At least 1 in 5 American adults struggle with a mental health condition. So yes, of course, every month should be Mental Health Awareness Month. But highlighting these issues every May is still a valuable way to decrease stigma and increase awareness. Since it was designated in 1949, Mental Health Month has been helping more and more people understand the importance of their mental well-being.
Conditions and issues like anxiety, depression, trauma, disordered eating, substance abuse, and more are increasingly common. Fortunately, effective treatments exist. Healing and recovery have never been more available and accessible. Let’s use May to highlight these important realities.
A Few Mental Health Facts in the U.S.
- Anxiety disorders are the most common mental health condition
- Each year, 1 in 5 adults suffer from a mental illness
- For those under 18, the number is believed to be 1 in 6
- However, only about half of those in need receive treatment
The last item on the list above demonstrates why we all more awareness. Again, this is not limited to one month but why not use May as your personal launching pad? Allow this month to be when a significant change happens for you and, by proxy, those you interact with.
4 Things To Know About Mental Health Awareness Month In May
1. There Are Identifiable Signs When Daily Stress Negatively Impacts You
Everyone responds differently, of course, but here are some common signs that stress is having an effect on your mental health:
- Loss of focus and concentration
- Sleep disturbances
- Feeling sad and unmotivated
- Fatigue and low energy
- Loss of self-confidence
- A general agitation, irritability, and nervousness
Don’t brush off such symptoms. Stress-induced issues can escalate and cause bigger problems over time.
2. You Can Sustain Your Mental Health Even During a Crisis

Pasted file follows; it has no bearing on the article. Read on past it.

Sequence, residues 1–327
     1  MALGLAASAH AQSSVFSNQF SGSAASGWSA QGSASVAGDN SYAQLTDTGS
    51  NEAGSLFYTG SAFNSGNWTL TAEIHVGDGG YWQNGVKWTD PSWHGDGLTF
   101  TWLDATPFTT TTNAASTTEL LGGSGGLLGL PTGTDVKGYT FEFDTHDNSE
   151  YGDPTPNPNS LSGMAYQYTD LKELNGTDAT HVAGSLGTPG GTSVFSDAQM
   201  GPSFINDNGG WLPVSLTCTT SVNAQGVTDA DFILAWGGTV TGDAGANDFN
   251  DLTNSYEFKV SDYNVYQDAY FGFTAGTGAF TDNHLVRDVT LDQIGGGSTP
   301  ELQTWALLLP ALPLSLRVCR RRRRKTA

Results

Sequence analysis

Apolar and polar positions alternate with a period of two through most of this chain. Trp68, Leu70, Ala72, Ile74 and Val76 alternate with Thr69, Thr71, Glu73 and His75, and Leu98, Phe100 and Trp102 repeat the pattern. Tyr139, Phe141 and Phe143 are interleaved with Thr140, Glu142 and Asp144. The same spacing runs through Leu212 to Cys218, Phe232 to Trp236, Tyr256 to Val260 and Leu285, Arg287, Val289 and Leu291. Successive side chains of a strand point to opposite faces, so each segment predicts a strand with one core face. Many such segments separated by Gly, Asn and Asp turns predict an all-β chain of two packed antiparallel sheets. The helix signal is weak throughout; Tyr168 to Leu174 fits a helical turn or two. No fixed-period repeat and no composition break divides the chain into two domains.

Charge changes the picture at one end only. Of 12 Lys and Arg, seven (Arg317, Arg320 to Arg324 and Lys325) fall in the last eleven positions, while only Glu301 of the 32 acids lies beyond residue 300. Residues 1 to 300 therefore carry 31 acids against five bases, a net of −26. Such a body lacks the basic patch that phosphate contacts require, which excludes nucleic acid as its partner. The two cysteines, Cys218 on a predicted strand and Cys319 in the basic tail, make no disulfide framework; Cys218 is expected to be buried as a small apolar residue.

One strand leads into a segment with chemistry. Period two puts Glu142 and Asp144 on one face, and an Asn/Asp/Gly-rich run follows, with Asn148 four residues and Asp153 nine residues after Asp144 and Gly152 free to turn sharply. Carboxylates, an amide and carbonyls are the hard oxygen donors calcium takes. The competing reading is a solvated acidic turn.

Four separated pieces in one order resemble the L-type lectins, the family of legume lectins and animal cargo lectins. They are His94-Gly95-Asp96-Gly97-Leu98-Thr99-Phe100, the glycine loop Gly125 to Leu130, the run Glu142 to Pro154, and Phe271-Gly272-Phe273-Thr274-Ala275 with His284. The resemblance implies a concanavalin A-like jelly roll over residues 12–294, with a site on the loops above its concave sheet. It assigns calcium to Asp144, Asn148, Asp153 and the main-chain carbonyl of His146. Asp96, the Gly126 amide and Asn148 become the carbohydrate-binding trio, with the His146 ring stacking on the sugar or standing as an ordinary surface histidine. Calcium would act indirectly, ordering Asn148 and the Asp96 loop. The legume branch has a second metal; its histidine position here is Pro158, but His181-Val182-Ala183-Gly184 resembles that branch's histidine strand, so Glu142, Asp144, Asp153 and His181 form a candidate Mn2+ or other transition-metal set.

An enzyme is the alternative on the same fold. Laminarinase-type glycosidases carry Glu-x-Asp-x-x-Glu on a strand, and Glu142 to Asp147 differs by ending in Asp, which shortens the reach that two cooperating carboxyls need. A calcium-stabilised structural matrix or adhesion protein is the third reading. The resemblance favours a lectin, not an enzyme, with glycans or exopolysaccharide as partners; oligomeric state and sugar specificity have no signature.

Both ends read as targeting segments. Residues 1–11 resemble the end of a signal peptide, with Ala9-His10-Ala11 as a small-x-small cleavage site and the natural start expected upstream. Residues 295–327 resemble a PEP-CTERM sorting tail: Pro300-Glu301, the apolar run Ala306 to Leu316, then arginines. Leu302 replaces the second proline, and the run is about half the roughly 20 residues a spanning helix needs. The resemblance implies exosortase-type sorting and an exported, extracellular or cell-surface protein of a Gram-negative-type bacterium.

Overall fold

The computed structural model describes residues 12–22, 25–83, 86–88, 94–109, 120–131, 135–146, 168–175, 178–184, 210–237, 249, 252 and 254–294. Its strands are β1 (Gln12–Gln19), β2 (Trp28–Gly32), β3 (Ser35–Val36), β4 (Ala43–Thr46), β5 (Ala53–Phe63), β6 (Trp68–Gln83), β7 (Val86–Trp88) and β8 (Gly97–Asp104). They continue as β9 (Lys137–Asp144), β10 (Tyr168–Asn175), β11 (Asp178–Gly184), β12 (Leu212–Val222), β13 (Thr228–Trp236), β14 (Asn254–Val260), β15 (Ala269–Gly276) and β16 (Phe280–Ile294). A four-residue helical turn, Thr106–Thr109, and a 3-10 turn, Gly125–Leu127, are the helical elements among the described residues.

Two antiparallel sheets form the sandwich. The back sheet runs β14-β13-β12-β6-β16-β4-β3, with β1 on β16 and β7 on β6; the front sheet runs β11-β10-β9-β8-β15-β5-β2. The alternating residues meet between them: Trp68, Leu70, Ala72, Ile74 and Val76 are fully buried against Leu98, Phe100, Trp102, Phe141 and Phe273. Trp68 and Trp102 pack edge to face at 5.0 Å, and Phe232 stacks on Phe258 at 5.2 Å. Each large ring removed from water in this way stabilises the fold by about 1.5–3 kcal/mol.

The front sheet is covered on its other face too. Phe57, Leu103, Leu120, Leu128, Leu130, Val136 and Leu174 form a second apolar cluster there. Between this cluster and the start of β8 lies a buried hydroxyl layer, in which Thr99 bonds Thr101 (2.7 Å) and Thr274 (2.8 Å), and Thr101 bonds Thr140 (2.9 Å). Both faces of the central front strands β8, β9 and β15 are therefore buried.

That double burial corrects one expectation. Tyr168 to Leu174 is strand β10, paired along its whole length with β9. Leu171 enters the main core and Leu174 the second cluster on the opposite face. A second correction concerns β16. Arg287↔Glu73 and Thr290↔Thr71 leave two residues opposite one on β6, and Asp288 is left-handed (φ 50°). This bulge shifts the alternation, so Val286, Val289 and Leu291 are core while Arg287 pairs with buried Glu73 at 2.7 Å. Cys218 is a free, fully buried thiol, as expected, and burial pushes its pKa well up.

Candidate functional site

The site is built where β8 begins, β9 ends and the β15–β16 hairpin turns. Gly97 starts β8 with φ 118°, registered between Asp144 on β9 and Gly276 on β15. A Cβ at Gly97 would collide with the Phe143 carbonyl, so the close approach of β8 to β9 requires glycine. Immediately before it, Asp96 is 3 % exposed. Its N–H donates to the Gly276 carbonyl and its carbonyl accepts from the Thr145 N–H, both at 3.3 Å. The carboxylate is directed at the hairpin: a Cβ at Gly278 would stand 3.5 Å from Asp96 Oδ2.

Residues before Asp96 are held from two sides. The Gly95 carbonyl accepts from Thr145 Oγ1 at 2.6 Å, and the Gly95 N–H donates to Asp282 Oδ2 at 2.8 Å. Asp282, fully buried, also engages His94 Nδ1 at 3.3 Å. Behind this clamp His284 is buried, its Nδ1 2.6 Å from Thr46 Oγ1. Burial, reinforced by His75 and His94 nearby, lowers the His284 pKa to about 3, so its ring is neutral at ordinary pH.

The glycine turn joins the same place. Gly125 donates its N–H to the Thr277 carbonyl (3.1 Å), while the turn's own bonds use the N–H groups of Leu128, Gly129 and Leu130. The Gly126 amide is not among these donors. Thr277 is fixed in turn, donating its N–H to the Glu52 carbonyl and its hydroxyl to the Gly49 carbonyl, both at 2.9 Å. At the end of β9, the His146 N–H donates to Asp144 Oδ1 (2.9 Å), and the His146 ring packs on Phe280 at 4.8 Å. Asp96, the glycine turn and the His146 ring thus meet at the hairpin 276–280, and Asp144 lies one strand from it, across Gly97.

Your first reaction, understandably, will be some version of panic. But once you let that initial wave pass, there are self-loving steps you can take to avoid further distress, e.g.
- Take long breaks from your devices and turn off notifications
- Keep a gratitude journal to remind yourself of all that is still going well
- Stay connected with trusted loved ones
- Make healthy eating choices
- Do your best to maintain regular sleep patterns
- Stay physically active
- Get outdoors
- Avoid alcohol, cigarettes, and other forms of self-medication
- Create routines for yourself to keep things running smoothly
- Be creative!
- Tune into your spirituality practice
Most of all, be kind to yourself. Talk to yourself as you would talk to your best friend. Practice self-compassion, patience, and understanding.
3. Talking About Mental Health Month Makes a Difference
- Make it easier for others to open up by starting important conversations
- Do some research and homework to better understand your mindset and the mindsets of the people in your life
- Make it clear that you’re available to talk, listen, and offer support
- Practice getting more comfortable telling your own story
Stigmas can’t survive once they are dragged out into the light. Participate in this effort and watch it benefit everyone you know.
4. Never Forget That Help is Available
Mental health disorders can cause despair and hopelessness. Just when people need help the most, they may start to believe that help can’t be found. This is precisely when you can support them in finding the kind of relief they need and deserve — in May or any month.
Therapy is a Year-Round Solution
Use May to remind yourself and others that a professional mental health guide is just one click or phone call away. Therapy has been the frontline option for a very long time. I invite you to take advantage of a free consultation to learn more about how to be your own mental health advocate!